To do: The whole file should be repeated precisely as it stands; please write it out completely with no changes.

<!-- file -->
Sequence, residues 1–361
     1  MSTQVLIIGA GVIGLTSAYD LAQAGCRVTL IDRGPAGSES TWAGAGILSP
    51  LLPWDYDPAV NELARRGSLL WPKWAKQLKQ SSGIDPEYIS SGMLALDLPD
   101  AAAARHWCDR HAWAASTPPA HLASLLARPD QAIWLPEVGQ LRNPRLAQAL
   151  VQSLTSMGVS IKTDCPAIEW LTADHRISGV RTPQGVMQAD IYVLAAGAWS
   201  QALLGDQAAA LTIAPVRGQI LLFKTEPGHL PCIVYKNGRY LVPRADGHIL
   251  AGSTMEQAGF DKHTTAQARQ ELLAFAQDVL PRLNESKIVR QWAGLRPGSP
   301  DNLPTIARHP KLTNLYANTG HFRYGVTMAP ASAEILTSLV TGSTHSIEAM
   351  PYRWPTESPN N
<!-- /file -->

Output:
Sequence, residues 1–361
     1  MSTQVLIIGA GVIGLTSAYD LAQAGCRVTL IDRGPAGSES TWAGAGILSP
    51  LLPWDYDPAV NELARRGSLL WPKWAKQLKQ SSGIDPEYIS SGMLALDLPD
   101  AAAARHWCDR HAWAASTPPA HLASLLARPD QAIWLPEVGQ LRNPRLAQAL
   151  VQSLTSMGVS IKTDCPAIEW LTADHRISGV RTPQGVMQAD IYVLAAGAWS
   201  QALLGDQAAA LTIAPVRGQI LLFKTEPGHL PCIVYKNGRY LVPRADGHIL
   251  AGSTMEQAGF DKHTTAQARQ ELLAFAQDVL PRLNESKIVR QWAGLRPGSP
   301  DNLPTIARHP KLTNLYANTG HFRYGVTMAP ASAEILTSLV TGSTHSIEAM
   351  PYRWPTESPN N